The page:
Other plot points were left as loose ends as well. We do find out what happened to Griffin's elusive notebooks, leaving the story open for a potential sequel. But, it was left open, meaning that we can only guess whether or not their present owner ever deciphers them. We never find out enough of Kemp's back story to see his complete connection to Griffin. If they were just at university for two years together (Kemp was older) and they weren't roommates or in the same classes, then why would Griffin think he could confide in the brushing acquaintance? There is also the question of who is telling the story. It's written almost as if a reporter were putting together an expose for a magazine. Yet, if that were the case then there ought to have been some mention of said reporter somewhere in the text. Also, if it were a report or article, then you would not get the kind of details we did in the book. The voice of the narrative just didn't fit with any method I've experienced before. The biggest plot hole, to me, was the cause of the Invisible Man's manic behavior. Movie versions state that the transformation into invisibility, mainly the chemical reaction with his brain, is what drives him mad. Yet, Wells never really implies this. There are hints of mania before Griffin's transformation in his back story. Maybe he becomes crazier after becoming invisible. Maybe it doesn't really change him that much. There's really no way to tell the way it was written. Perhaps Wells wants the reader to believe the pursuit of invisibility itself is madness.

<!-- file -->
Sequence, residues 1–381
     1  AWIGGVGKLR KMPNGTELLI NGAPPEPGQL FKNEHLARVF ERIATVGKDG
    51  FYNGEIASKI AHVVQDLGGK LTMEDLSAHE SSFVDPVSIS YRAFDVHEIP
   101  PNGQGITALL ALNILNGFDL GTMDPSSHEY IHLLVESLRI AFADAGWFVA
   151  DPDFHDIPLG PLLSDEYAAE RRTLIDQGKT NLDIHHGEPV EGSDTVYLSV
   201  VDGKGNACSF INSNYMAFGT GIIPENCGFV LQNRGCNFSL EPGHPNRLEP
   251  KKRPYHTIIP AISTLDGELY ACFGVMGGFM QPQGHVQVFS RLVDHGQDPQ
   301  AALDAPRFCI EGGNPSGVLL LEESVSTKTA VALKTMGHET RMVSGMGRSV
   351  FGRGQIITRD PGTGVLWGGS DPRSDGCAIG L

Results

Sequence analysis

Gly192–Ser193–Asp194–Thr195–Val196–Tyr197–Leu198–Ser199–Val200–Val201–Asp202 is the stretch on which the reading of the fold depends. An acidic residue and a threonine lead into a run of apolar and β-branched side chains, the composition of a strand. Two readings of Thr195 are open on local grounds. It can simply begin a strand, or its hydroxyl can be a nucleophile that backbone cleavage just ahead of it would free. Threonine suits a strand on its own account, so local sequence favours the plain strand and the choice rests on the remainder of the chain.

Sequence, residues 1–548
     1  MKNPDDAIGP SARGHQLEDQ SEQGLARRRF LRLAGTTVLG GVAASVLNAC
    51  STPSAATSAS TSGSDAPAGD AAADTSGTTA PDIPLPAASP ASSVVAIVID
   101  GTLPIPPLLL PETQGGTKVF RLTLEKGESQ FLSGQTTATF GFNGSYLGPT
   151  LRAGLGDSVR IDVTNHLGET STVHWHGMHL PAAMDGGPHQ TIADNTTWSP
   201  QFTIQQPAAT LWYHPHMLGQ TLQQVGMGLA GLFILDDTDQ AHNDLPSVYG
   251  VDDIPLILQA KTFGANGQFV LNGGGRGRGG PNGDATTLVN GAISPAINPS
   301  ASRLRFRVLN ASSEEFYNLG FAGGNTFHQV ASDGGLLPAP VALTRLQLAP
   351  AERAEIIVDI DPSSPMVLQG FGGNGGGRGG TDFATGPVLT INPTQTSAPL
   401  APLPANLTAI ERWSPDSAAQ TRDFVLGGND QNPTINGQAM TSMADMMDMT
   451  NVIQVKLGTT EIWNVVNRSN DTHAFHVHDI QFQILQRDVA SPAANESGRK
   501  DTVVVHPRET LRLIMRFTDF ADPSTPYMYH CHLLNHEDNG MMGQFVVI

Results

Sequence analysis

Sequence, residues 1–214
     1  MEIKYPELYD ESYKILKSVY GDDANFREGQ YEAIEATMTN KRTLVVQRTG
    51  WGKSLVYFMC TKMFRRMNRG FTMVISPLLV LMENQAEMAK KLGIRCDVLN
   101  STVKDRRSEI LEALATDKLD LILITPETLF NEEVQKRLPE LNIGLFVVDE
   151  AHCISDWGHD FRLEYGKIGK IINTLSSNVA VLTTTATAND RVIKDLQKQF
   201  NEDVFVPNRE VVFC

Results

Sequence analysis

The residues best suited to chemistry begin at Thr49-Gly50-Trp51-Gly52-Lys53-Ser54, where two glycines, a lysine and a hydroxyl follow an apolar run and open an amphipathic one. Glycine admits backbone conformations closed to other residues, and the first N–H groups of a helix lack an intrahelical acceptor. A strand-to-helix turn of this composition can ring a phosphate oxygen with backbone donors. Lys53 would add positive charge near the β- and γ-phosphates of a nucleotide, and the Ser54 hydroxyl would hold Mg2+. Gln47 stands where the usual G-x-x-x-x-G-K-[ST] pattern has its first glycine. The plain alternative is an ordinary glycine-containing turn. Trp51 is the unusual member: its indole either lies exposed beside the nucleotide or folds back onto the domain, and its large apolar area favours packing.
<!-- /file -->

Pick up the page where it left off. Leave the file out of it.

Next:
As far as monsters go, Griffin is definitely scary because of his unpredictability. He is a pure monster in that there is really nothing about him that makes him sympathetic to the reader. His mania makes him a frightening foe. He is one of the most selfish characters I've ever read and he doesn't even seem to care as much about his survival so long as he gets what he wants. He throws juvenile temper tantrums that would be funny if they weren't so damaging to others. Sometimes I just wanted to grab him by the scruff and slap some sense into him. At least the other characters' reactions to his terrorizing are human, even if they themselves are cardboard versions of people. The panic and fear of the villagers does successfully come across in Wells' writing. But since there's no one to really care for, I ended up with the "at least I'm not as bad off as those poor schmucks" feeling.
This is one time that I would recommend the movie over the book if you're looking for character depth. If you're looking for a series of chaotic fights and unsubstantiated anger galore, then read the book.